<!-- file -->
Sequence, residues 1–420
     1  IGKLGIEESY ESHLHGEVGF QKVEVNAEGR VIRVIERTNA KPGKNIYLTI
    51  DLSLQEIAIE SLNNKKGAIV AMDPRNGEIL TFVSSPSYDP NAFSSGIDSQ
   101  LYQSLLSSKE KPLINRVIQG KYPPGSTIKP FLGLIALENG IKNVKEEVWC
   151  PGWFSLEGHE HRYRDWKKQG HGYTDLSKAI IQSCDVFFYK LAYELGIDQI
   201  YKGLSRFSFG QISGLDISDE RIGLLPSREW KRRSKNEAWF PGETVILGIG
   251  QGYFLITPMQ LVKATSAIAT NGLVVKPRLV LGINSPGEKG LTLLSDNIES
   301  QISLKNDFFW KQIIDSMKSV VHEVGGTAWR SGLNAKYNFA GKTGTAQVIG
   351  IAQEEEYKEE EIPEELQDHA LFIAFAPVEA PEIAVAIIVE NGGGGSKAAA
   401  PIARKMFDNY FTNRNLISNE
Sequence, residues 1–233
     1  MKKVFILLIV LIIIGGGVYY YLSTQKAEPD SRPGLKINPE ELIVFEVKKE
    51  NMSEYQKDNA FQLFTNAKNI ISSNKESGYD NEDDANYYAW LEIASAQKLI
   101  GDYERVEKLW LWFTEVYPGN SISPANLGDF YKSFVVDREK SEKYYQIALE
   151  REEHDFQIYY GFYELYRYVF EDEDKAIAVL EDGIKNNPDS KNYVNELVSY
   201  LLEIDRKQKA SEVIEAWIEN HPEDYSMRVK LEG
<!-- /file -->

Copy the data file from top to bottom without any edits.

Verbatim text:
Sequence, residues 1–420
     1  IGKLGIEESY ESHLHGEVGF QKVEVNAEGR VIRVIERTNA KPGKNIYLTI
    51  DLSLQEIAIE SLNNKKGAIV AMDPRNGEIL TFVSSPSYDP NAFSSGIDSQ
   101  LYQSLLSSKE KPLINRVIQG KYPPGSTIKP FLGLIALENG IKNVKEEVWC
   151  PGWFSLEGHE HRYRDWKKQG HGYTDLSKAI IQSCDVFFYK LAYELGIDQI
   201  YKGLSRFSFG QISGLDISDE RIGLLPSREW KRRSKNEAWF PGETVILGIG
   251  QGYFLITPMQ LVKATSAIAT NGLVVKPRLV LGINSPGEKG LTLLSDNIES
   301  QISLKNDFFW KQIIDSMKSV VHEVGGTAWR SGLNAKYNFA GKTGTAQVIG
   351  IAQEEEYKEE EIPEELQDHA LFIAFAPVEA PEIAVAIIVE NGGGGSKAAA
   401  PIARKMFDNY FTNRNLISNE
Sequence, residues 1–233
     1  MKKVFILLIV LIIIGGGVYY YLSTQKAEPD SRPGLKINPE ELIVFEVKKE
    51  NMSEYQKDNA FQLFTNAKNI ISSNKESGYD NEDDANYYAW LEIASAQKLI
   101  GDYERVEKLW LWFTEVYPGN SISPANLGDF YKSFVVDREK SEKYYQIALE
   151  REEHDFQIYY GFYELYRYVF EDEDKAIAVL EDGIKNNPDS KNYVNELVSY
   201  LLEIDRKQKA SEVIEAWIEN HPEDYSMRVK LEG